Barack Obama has never been overt enough about his Christian faith to satisfy critics on the religious right — and this year’s annual videotaped White House Christmas message isn’t likely to change that.
Still, in the greeting posted online Friday, the president, a Christian some Americans — nearly a third — continue to think of as Muslim, wished the nation a “Merry Christmas” and offered brief testimony on the power of Christianity.
“Today, like millions of Americans and Christians around the world, our family celebrates the birth of Jesus and the values he lived in his own life,” the president said. “Treating one another with love and compassion. Caring for those on society’s margins: the sick and the hungry, the poor and the persecuted, the stranger in need of shelter — or simply an act of kindness.
“That’s the spirit that binds us together — not just as Christians, but as Americans of all faiths. It’s what the holidays are about: coming together as one American family to celebrate our blessings and the values we hold dear.”
Obama came under some criticism earlier in the holiday season for remarks he offered in commemoration of the 50th anniversary of “A Charlie Brown Christmas.”
The holiday classic, an animated meditation on the “true meaning of Christmas,” culminates with the reading of Bible verses Luke 2:8-14 — the story of the birth of Christ.
In his comments for the anniversary show, Barack Obama said “A Charlie Brown Christmas” teaches “us that tiny trees just need a little love and that on this holiday we celebrate peace on Earth and good will toward all.”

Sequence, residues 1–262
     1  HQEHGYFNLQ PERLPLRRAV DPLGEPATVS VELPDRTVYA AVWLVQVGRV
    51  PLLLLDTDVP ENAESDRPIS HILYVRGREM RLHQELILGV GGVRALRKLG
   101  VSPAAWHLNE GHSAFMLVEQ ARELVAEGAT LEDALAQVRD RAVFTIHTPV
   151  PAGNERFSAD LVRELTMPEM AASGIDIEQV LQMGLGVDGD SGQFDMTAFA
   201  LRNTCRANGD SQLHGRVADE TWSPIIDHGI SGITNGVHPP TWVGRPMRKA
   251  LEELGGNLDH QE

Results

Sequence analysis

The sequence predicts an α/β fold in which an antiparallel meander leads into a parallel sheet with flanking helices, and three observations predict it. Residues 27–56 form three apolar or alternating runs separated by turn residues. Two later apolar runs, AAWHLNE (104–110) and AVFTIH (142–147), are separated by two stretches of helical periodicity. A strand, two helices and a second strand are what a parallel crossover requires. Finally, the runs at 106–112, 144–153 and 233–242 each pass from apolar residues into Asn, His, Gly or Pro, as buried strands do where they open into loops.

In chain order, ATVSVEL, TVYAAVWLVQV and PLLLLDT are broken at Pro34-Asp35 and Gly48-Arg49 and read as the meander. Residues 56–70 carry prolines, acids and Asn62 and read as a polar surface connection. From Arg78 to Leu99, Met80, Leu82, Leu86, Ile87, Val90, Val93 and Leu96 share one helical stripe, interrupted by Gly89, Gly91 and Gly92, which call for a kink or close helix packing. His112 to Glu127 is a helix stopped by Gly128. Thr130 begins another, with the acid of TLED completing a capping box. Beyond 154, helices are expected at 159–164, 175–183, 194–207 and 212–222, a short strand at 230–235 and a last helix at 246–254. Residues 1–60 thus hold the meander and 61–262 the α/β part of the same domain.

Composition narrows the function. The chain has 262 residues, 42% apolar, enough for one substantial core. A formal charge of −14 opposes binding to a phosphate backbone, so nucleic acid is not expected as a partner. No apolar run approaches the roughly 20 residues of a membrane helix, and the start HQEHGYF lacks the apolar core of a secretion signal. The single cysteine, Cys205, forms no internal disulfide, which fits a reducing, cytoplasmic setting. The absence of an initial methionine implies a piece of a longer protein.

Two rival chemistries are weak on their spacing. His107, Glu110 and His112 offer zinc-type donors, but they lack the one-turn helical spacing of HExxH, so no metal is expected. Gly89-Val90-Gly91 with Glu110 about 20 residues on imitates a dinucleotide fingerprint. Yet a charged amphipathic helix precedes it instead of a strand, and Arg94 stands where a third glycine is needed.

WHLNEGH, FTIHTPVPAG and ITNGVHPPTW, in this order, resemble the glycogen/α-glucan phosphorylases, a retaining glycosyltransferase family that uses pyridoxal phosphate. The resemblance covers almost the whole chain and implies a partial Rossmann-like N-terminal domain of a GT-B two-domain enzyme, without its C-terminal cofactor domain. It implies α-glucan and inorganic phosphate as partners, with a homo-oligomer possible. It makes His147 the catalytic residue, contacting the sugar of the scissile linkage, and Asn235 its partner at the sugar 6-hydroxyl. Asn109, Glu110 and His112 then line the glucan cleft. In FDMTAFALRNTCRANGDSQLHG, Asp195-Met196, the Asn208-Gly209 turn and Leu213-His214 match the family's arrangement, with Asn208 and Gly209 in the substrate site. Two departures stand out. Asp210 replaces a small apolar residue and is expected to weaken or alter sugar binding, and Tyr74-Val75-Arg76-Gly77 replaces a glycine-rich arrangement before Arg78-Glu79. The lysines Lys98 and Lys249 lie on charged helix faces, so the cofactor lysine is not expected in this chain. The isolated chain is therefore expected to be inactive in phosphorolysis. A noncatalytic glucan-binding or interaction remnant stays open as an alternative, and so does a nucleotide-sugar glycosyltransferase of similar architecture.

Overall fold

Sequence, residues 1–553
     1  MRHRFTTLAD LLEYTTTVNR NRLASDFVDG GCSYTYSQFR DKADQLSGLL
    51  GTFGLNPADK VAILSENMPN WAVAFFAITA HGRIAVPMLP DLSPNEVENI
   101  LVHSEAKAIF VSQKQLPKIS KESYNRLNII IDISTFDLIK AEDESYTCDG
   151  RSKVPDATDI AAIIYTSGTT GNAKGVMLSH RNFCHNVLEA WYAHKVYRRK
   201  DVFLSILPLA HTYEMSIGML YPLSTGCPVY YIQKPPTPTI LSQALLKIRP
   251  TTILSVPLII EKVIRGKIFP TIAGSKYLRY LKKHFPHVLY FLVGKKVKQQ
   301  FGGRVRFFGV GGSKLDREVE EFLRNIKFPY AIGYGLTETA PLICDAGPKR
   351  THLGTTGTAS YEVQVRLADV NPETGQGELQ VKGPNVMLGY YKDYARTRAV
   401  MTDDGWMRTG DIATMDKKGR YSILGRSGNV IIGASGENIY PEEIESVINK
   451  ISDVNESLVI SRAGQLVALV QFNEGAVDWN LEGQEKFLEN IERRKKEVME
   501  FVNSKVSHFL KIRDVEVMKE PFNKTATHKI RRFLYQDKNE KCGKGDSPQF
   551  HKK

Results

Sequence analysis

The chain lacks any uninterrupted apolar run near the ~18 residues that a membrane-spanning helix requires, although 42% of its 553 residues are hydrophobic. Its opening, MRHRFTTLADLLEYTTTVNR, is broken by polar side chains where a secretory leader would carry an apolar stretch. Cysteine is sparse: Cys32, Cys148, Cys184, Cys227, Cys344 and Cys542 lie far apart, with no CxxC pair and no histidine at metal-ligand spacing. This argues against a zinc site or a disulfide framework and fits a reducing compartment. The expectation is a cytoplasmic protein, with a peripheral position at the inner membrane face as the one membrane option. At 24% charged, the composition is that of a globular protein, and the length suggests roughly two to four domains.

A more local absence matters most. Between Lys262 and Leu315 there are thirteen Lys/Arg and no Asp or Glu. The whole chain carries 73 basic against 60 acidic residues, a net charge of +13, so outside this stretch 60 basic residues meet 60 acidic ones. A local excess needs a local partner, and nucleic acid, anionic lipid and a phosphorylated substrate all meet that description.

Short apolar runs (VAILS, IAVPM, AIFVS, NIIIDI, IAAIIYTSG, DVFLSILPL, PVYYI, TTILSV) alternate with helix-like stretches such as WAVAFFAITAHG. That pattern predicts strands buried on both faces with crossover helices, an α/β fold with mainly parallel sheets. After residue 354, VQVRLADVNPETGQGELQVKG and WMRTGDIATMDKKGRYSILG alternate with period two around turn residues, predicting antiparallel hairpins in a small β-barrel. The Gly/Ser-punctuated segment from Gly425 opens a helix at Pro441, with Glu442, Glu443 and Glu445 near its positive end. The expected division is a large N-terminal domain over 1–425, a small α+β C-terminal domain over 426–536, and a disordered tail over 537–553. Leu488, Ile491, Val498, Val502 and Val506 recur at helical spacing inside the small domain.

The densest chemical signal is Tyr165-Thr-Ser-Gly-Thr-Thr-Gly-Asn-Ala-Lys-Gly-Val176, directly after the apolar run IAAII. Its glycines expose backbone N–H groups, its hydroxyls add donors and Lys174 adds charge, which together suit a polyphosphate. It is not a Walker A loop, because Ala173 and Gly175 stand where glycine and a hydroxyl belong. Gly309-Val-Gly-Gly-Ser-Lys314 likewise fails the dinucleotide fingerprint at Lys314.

That’s Arbor Day, not Christmas, deadpanned Fox News’ commentator Todd Starnes.
Last week’s greeting was the president and first lady’s seventh such holiday message, and as has become their tradition, the couple thanked members of the armed services and their families for their service. Previous messages have also, usually, mentioned the “birth of Jesus,” and included a “Merry Christmas” from either the president or the first lady.
On Christmas Eve last week, the president also released a statement of support for persecuted Christians around the world:
Michelle and I are also ever-mindful that many of our fellow Christians do not enjoy that right, and hold especially close to our hearts and minds those who have been driven from their ancient homelands by unspeakable violence and persecution.
In some areas of the Middle East where church bells have rung for centuries on Christmas Day, this year they will be silent; this silence bears tragic witness to the brutal atrocities committed against these communities by ISIL [the Islamic State].
The Obama administration has been accused by some on the right of being a part of the cultural “War on Christmas,” with critics taking aim at everything from the secular tone of the annual White House holiday card to federal policies on whether “Merry Christmas” or the more secular “Happy Holidays” is the preferred greeting for the season.
Republican presidential front-runner Donald Trump made headlines earlier this year by railing against the use of “Happy Holidays,” repeatedly dismissing the phrase as “political correctness.”
The real estate billionaire’s Christmas card mailed to supporters this week, however, reads “Merry Christmas & Happy Holidays.”
“We are, together, going to make America Great Again!,” the card reads. “I Love You All, Donald J. Trump.”